Modern screen refresh: beyond 60hz

One of the fun things about my new gaming setup is it can render at frame rates other than 60Hz. I’ve now got it set up to run at 3440×1440@75 and it seems to be working well. Of course it won’t matter much for desktop work, but it does have an effect on game rendering. Can a human perceive it? Lots of folks say so, and this blind test confirms it.

The hardware I have is an NVidia GTX 1080 graphics card hooked to a Asus RoG Swift PG348Q display. It’s hooked up via DisplayPort 1.2, the 2009 standard. In theory there’s enough bandwidth to run 3840×2160@75, but for some reason my monitor only will show up to 60Hz unless I enable “overclocking”, where it will then display up to 100Hz. The overclocking didn’t work with the first decent quality cable I tried, but it did work with the cable included with the monitor.

The neat thing about this setup is it doesn’t have to be a constant 60Hz or 75Hz. The hardware all supports Adaptive Sync, a technology where the graphics card tells the LCD when a new frame is ready to be displayed. So games, etc can run at any speed; 20fps, 27fps, 60fps, 75fps and it displays without screen tearing. This is way better than the Vsync hack that we’ve been stuck with since the ancient days of CRTs. No more triple buffering required, no awkwardly being stuck with display rates that share common factors with the number 60, no tearing or stuttering. Just draw a frame when it’s ready.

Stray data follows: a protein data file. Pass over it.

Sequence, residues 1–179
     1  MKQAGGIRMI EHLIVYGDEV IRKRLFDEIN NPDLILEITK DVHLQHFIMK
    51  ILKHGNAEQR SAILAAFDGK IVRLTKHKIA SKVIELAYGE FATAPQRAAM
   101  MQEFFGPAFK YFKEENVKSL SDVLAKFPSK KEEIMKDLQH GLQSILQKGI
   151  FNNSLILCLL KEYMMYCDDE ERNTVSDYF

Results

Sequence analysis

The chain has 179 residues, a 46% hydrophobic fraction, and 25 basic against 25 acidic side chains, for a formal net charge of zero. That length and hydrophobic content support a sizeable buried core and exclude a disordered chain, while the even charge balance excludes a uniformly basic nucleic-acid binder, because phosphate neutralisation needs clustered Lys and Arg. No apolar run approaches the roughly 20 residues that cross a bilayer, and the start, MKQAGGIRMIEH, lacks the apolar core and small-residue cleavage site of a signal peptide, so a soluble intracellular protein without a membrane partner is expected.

gsync

Unfortunately this variable sync rate comes in two flavors, G-Sync and Freesync, and monitors seem to only one or the other. NVidia does G-Sync so that’s what I’m using, and fortunately the higher end monitors seem to favor G-Sync as well. G-Sync requires that an expensive NVidia scaler be installed in the monitor (and may not technically be DisplayPort Adaptive Sync at all.) Freesync is the open / cheaper standard DisplayPort, but only AMD video cards support it so far, and AMD is way behind. Hopefully this will all get better in a couple of years.